News

Annual Report Finds Harvard Kennedy School Faculty Remains Largely White, Male

News

Harvard Square Celebrates Oktoberfest

News

Harvard Corporation Members Donated Big to Democrats in 2020 Elections

News

City Council Candidates Propose Strategies for Supporting Low-Income Residents at Virtual Forum

News

FAS Dean Gay Hopes to Update Affiliates on Ethnic Studies Search by Semester’s End

Post-War Council Seeking Answer to Peace Problem

Group Stresses Its Non-Partisan View

NO WRITER ATTRIBUTED

In its declaration of principles the newly formed Council on Post-War problems clearly indicated that it would concentrate on a broad study of the war problems rather than attempting to blueprint the future peace.

Stressed in the statement was the non-partisan character of the organization and the necessity of a long range point of view in securing a permanent peace. The immediate aim of the group was termed "defining what we mean by victory." In connection with this the Council is preparing a forum meeting for December 18th on the issues in the Far Eastern war.

The text of the statement is:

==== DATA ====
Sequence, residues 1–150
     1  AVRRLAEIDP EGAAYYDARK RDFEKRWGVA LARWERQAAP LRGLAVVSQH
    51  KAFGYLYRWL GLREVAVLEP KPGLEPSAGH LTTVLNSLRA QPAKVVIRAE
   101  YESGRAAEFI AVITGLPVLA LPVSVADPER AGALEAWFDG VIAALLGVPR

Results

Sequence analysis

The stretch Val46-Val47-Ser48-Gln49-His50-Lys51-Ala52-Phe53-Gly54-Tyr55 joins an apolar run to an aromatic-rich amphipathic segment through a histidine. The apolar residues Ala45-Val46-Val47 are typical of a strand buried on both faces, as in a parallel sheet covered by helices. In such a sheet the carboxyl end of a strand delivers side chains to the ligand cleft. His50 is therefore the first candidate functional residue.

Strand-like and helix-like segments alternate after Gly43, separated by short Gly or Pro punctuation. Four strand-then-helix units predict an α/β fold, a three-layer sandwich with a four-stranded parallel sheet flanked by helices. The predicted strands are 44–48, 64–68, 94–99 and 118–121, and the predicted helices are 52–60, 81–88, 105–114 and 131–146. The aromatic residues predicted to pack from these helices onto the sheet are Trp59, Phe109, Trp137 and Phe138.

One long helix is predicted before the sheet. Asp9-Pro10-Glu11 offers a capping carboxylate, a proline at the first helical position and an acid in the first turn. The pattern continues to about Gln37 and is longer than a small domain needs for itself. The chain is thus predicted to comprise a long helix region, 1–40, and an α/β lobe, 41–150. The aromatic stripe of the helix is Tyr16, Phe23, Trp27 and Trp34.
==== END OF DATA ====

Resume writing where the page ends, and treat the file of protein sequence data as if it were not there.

"While the nation has sprung to wholehearted unity over the prosecution of the war effort, it is confused and ignorant about many of the issues involved. We are not sure what we mean by victory or what the ultimate ends of our policy are.

How are we going to make our present sacrifices guarantee the kind of peace we want? To have lasting unity we must understand these deeper issues. We must have a long range point of view based on tolerance and historical evidence. This is the peculiar task of students and scholars everywhere, and this is the task which the Harvard Council on Post-war Problems has set itself.

The primary questions we seek answers to concern the development of the twentieth century world.

1. What form of political organizations can bring stability and satisfy natural rights?

2. How can the economic resources of the world be fairly distributed among all its people?

3. What form must our domestic structure take to give the people the benefits of our great productive capacity?

4. Is there any belief or faith upon which international toleration can be founded?

These are the questions we must study and understand if our national policy is to have clarity and intelligence. They are the fundamental questions to which the present war is seeking the answers. This is a job for us, the generation which is going to fight the war and live in the peace. It is one we must tackle seriously and boldly if we are to make any sort of decent.

While the nation has sprung to

Want to keep up with breaking news? Subscribe to our email newsletter.

Tags